The coiled-coil membrane protein golgin-84 is a novel rab effector required for Golgi ribbon formation.

Diao A, Rahman D, Pappin DJ, Lucocq J, Lowe M - J. Cell Biol. (2003)

Golgin-84 depletion results in a significant loss of membrane from the Golgi apparatus and an exaggerated ER. Control (a) or golgin-84 RNAi–treated HeLa cells (b and c) were fixed and embedded in Epon for electron microscopy. Large arrows indicate Golgi membranes whereas small arrows indicate the ER. Note the decrease in size of the Golgi apparatus and the exaggerated and swollen ER in golgin-84–depleted cells. (d) Quantitation of the amount of membrane in Golgi cisternae, Golgi vesicles, ER, and nuclear envelope (NE) in golgin-84–depleted cells relative to control cells expressed as density of membrane surface in cell volume. For controls and RNAi samples, n = 23 and 22 micrographs, respectively. Bars, 200 nm.
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Related In: Results  -  Collection

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fig7: Golgin-84 depletion results in a significant loss of membrane from the Golgi apparatus and an exaggerated ER. Control (a) or golgin-84 RNAi–treated HeLa cells (b and c) were fixed and embedded in Epon for electron microscopy. Large arrows indicate Golgi membranes whereas small arrows indicate the ER. Note the decrease in size of the Golgi apparatus and the exaggerated and swollen ER in golgin-84–depleted cells. (d) Quantitation of the amount of membrane in Golgi cisternae, Golgi vesicles, ER, and nuclear envelope (NE) in golgin-84–depleted cells relative to control cells expressed as density of membrane surface in cell volume. For controls and RNAi samples, n = 23 and 22 micrographs, respectively. Bars, 200 nm.
Mentions: To characterize the effects of golgin-84 depletion upon Golgi morphology in more detail, siRNA-treated cells were analyzed by electron microscopy. Interestingly, the Golgi apparatus appeared significantly smaller in golgin-84–depleted cells compared with control cells (Fig. 7, a and b). Quantitation revealed that ∼75% of Golgi cisternae and ∼70% of Golgi tubulo-vesicular membranes were lost upon golgin-84 depletion (Fig. 7 d). The overall morphology was not, however, dramatically affected. The number of stacked cisternae per stack and the ratio of membrane in stacked cisternae versus tubulo-vesicular profiles were similar in golgin-84–depleted cells and control cells (unpublished data). Depletion of golgin-84 also had a marked effect upon the ER, which was grossly exaggerated compared with control cells, forming an elaborated network extending throughout the cytoplasm (Fig. 7 c). The lumen of the ER often appeared swollen with electron-dense material, suggesting that an accumulation of proteins had occurred there. Quantitation revealed that the ER was ∼1.7 times larger in golgin-84–depleted cells compared with control cells, while the nuclear envelope was only marginally affected. Thus, depletion of golgin-84 results in a dramatic loss of Golgi membranes and a corresponding increase in the size of the ER.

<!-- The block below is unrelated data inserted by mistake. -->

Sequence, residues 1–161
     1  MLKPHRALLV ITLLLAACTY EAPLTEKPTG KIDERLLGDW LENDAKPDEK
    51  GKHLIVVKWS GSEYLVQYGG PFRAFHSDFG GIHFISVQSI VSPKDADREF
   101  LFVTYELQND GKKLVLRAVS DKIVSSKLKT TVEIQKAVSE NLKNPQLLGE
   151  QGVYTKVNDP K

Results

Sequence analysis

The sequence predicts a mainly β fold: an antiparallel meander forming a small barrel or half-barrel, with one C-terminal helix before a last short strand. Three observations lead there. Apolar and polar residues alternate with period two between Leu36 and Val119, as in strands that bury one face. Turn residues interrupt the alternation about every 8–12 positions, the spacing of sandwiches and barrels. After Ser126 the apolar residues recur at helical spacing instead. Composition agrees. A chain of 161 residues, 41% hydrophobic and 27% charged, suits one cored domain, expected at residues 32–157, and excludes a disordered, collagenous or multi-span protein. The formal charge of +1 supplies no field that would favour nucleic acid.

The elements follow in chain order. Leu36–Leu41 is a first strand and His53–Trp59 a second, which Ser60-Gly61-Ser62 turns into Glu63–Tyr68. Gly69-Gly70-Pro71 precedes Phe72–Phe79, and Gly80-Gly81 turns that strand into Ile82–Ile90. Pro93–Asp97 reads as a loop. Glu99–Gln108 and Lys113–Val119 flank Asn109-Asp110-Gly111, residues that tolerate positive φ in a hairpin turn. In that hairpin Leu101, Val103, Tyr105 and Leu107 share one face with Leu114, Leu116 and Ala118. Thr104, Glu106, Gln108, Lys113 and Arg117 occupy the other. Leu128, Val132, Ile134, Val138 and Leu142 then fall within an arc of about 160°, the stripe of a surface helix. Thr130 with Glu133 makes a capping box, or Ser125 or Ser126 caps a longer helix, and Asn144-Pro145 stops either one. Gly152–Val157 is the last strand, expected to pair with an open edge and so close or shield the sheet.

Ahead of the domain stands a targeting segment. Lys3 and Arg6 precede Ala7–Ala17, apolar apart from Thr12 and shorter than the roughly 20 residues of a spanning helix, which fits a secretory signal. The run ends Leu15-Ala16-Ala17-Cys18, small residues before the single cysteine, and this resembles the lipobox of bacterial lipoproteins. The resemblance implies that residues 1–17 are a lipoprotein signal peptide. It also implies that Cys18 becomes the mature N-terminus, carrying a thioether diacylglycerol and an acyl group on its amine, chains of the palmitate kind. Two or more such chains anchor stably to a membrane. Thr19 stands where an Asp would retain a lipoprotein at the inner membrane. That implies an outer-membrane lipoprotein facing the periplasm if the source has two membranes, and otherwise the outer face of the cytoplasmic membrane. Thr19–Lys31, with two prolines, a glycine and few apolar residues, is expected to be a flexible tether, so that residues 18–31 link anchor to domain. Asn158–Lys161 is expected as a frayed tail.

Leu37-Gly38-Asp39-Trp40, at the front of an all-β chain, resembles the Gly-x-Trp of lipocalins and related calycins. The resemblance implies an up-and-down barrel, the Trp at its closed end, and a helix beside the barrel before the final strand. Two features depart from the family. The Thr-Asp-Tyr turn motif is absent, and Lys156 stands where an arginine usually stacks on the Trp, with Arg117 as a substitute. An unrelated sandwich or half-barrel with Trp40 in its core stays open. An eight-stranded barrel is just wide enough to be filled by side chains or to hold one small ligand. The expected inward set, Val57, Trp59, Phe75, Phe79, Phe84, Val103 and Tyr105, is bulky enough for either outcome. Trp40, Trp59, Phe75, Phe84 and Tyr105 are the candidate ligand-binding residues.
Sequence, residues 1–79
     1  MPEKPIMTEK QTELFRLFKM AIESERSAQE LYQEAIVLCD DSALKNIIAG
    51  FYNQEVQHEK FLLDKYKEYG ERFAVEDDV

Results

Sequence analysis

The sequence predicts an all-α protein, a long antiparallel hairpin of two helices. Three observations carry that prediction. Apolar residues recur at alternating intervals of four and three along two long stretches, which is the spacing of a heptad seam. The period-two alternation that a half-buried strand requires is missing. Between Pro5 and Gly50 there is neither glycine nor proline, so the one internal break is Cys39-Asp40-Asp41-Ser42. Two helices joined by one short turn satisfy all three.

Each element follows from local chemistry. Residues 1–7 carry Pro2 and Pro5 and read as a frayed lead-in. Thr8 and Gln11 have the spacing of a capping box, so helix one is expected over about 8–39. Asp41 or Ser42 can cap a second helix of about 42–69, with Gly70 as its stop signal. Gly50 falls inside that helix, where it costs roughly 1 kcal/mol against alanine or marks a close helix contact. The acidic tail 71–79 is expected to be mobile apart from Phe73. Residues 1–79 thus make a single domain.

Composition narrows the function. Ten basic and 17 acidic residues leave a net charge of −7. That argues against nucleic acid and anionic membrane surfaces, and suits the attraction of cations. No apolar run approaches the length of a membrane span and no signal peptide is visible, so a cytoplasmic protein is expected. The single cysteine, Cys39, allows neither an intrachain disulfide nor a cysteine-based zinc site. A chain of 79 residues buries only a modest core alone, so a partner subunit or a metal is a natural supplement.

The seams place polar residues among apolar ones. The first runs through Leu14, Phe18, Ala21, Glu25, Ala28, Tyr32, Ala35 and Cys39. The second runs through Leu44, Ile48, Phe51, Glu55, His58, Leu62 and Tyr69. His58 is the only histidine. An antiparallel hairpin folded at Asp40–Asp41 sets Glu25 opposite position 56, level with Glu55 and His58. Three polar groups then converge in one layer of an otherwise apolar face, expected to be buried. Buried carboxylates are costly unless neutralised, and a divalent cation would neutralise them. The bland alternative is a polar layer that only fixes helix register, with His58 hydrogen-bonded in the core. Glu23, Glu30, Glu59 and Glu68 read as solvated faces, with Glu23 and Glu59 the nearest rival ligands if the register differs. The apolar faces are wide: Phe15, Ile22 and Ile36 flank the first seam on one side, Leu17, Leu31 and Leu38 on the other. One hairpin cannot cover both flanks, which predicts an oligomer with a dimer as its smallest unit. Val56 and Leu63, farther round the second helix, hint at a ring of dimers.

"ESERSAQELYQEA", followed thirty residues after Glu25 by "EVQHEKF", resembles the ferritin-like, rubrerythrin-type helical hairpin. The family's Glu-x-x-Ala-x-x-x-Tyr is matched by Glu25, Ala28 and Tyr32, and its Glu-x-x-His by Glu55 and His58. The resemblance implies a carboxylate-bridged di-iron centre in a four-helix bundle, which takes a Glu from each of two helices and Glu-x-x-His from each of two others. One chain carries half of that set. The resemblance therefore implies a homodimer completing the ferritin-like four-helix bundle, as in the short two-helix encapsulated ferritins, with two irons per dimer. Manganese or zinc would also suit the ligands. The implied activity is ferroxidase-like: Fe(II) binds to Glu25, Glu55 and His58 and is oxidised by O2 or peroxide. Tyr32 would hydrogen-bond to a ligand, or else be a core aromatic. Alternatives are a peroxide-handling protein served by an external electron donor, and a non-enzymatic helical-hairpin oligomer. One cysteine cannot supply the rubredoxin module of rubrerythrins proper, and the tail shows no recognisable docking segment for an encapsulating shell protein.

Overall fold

Bottom Line: Using cryoelectron microscopy we could localize golgin-84 to the cis-Golgi network and found that it is enriched on tubules emanating from the lateral edges of, and often connecting, Golgi stacks.These mini-stacks are able to carry out protein transport, though with reduced efficiency compared with a normal Golgi apparatus.Our results suggest that golgin-84 plays a key role in the assembly and maintenance of the Golgi ribbon in mammalian cells.

View Article: PubMed Central - PubMed

Affiliation: School of Biological Sciences, University of Manchester, Manchester M13 9PT, UK.

ABSTRACT
Fragmentation of the mammalian Golgi apparatus during mitosis requires the phosphorylation of a specific subset of Golgi-associated proteins. We have used a biochemical approach to characterize these proteins and report here the identification of golgin-84 as a novel mitotic target. Using cryoelectron microscopy we could localize golgin-84 to the cis-Golgi network and found that it is enriched on tubules emanating from the lateral edges of, and often connecting, Golgi stacks. Golgin-84 binds to active rab1 but not cis-Golgi matrix proteins. Overexpression or depletion of golgin-84 results in fragmentation of the Golgi ribbon. Strikingly, the Golgi ribbon is converted into mini-stacks constituting only approximately 25% of the volume of a normal Golgi apparatus upon golgin-84 depletion. These mini-stacks are able to carry out protein transport, though with reduced efficiency compared with a normal Golgi apparatus. Our results suggest that golgin-84 plays a key role in the assembly and maintenance of the Golgi ribbon in mammalian cells.

Show MeSH
Related in: MedlinePlus